[Former New York City mayor] Michael Bloomberg once joked that Technion graduates are the only scientists in the world who could turn Jaffa-oranges into semiconductors. Israelis are endlessly curious and are not afraid of failing. After all, part of Jewish tradition is to ask questions. [The Technion] encourages our students to ask questions and challenge themselves. We don't view failure as a bad thing, it's not a shameful thing. In some cultures, failure is embarrassing. In Israel, our mentality is: Ok, you failed. Now try again - and keep trying - until you're successful. These are the most important factors for success. 

You also founded Technion F.I.R.S.T. (For Inspiration and Recognition of Science and Technology), an international non-profit organization that hosts robotics competitions and events. Why is it important to encourage young students to study and pursue careers in science, technology, engineering, and math (STEM)? 

Lionel Messi - perhaps the greatest soccer player of all-time - didn't start playing when he was 20. Messi became the greatest because he began practicing and loving the game at an early age. We need to inspire young children to see the beauty of science and engineering. To maintain Israel's status as the "Startup Nation," we need to nurture the next generation of inventors who will develop new technology and medicine that benefits the global population. 

So the goal of F.I.R.S.T. is to have more students pursue a bachelor's degree in a STEM field. To do that, we must hook them at an early age by making science fun through robotics competitions. To date, over 15,000 Israeli students - from first graders to high school seniors - have participated in a F.I.R.S.T. robotics competition. Our team from Magidah just won a silver medal in the World Robotics Championship in Dubai. The Israeli flag was raised in an Arab country, and President Netanyahu personally congratulated the team when they returned.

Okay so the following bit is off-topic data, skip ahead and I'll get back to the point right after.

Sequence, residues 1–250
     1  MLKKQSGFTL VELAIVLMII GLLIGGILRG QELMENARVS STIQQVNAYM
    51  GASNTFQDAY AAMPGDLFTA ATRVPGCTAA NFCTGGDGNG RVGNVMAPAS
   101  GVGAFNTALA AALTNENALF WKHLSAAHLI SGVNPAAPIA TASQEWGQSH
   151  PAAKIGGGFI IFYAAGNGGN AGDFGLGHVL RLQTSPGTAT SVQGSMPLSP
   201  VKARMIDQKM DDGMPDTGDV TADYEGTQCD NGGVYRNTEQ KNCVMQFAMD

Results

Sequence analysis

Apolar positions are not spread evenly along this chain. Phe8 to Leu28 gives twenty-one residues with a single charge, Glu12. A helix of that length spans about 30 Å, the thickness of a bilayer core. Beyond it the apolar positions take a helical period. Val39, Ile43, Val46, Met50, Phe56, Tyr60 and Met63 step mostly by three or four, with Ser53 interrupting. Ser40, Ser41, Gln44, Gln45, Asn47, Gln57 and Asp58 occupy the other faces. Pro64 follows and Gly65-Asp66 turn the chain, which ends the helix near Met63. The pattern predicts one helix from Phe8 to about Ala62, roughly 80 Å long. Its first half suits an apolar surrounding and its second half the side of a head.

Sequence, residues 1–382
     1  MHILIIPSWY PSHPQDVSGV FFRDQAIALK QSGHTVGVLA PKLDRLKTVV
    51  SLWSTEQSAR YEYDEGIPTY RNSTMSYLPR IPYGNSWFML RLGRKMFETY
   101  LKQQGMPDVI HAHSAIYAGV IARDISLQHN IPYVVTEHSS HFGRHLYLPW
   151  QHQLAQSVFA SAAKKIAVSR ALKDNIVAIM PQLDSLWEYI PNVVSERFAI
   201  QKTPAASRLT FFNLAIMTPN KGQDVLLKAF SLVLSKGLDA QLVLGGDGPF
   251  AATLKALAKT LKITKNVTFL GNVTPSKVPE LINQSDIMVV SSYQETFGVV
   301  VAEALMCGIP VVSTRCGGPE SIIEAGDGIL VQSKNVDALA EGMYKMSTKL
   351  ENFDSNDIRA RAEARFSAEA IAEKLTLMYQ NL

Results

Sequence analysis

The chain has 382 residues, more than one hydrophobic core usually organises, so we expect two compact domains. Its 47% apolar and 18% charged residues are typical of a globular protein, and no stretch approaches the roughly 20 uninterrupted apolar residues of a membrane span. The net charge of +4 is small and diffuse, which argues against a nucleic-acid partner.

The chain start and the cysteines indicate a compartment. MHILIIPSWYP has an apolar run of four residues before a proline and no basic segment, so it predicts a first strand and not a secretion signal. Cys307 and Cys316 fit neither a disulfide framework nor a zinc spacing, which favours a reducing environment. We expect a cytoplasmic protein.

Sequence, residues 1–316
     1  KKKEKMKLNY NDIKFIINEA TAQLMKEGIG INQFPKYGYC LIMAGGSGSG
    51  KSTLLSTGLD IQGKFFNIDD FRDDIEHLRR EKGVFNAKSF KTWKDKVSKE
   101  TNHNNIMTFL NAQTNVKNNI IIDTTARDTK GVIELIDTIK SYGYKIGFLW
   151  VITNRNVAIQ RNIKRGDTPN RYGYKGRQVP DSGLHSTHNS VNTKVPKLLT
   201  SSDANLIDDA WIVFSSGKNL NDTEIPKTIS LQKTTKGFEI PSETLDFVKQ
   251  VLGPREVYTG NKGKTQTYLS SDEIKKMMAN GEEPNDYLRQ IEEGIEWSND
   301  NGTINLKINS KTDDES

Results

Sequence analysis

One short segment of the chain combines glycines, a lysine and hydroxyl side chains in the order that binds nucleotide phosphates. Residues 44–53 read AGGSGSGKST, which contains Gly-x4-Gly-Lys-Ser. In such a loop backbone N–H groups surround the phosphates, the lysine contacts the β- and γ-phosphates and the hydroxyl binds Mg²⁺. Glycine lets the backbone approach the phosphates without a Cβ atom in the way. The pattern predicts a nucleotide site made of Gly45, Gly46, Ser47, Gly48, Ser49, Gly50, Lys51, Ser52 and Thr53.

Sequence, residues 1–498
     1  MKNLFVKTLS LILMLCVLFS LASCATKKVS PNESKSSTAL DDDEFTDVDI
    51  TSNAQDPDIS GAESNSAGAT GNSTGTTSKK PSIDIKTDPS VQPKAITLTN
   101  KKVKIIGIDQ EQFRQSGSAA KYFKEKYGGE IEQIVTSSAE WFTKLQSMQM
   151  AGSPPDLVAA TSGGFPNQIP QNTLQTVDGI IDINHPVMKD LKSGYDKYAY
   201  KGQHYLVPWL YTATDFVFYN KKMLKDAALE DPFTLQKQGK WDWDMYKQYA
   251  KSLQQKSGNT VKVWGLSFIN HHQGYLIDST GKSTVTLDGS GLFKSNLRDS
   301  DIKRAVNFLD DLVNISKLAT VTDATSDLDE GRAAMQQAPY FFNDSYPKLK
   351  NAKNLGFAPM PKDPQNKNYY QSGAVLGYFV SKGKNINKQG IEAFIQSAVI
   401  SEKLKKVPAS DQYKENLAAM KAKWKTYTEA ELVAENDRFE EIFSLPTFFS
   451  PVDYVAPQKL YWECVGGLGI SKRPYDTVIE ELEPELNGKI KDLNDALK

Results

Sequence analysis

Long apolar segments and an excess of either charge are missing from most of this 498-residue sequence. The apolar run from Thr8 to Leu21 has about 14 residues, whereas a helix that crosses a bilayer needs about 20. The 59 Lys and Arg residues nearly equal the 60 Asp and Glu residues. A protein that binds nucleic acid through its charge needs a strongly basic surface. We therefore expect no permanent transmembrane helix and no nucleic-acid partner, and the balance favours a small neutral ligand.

[Robotics competitions] are an exciting opportunity for our students. But to build better robots and earn top results in the competitions, our students know they need to study math and physics in school. Now, these students are prepared to meet extremely hard challenges, but they also learn how to collaborate. Science is a global language. We have Muslims, Christians, Jews, and even Haredi students working together in F.I.R.S.T. At the world championships, the Israeli team won the award for being the most cooperative and supportive, because they helped other groups, including Arab teams, solve their problems.

What's your advice to aspiring scientists? 

We don't need every young student to become a scientist. We need lawyers. We need writers. We need artists, musicians, and actors. Good engineers are not just inspired by science; they're inspired by the arts as well. But if a young person likes to take things apart and see how they work, wants to understand the physics of things, we must encourage them to pursue those passions to its fullest potential. Young students should absorb as much information as possible: take all the courses you can, read all you can, ask all the questions you can. Young STEM students must be active in their pursuit of knowledge.

What emerging trends or new technologies excite you the most and how will they impact everyday people? 

We live in an era of unprecedented innovation. Technologies are maturing at an exponential rate. The industrial revolution was about steam power. Then the assembly line revolutionized production. Then automation through machines and robots made for even more sophisticated assembly lines. We are now approaching the fourth revolution: the singularity. A point where many technologies that have been developed in parallel - the Internet of Things (IoT), big data, artificial intelligence (A.I.), and robotics - will converge and revolutionize the way human beings live, learn, and work.

What can Beth El members expect from you talk on November 18th? 

The robotics revolution is happening in real-time, as we talk right now. So, if you can't beat them, join them. People can not ignore the digital and robotics evolution. If you're not exploring this trend, you're going to get left behind.

Join us on Monday, November 18, 2019, at 6:45 pm, for an evening with Professor Alon Wolf, one of the world's leading experts in the field of robotics. An optional light dinner is available in the Kolker Room at 6:00 pm Registration is required. For more information or to RSVP for this event, please click here.

Fri, July 10 2020 18 Tammuz 5780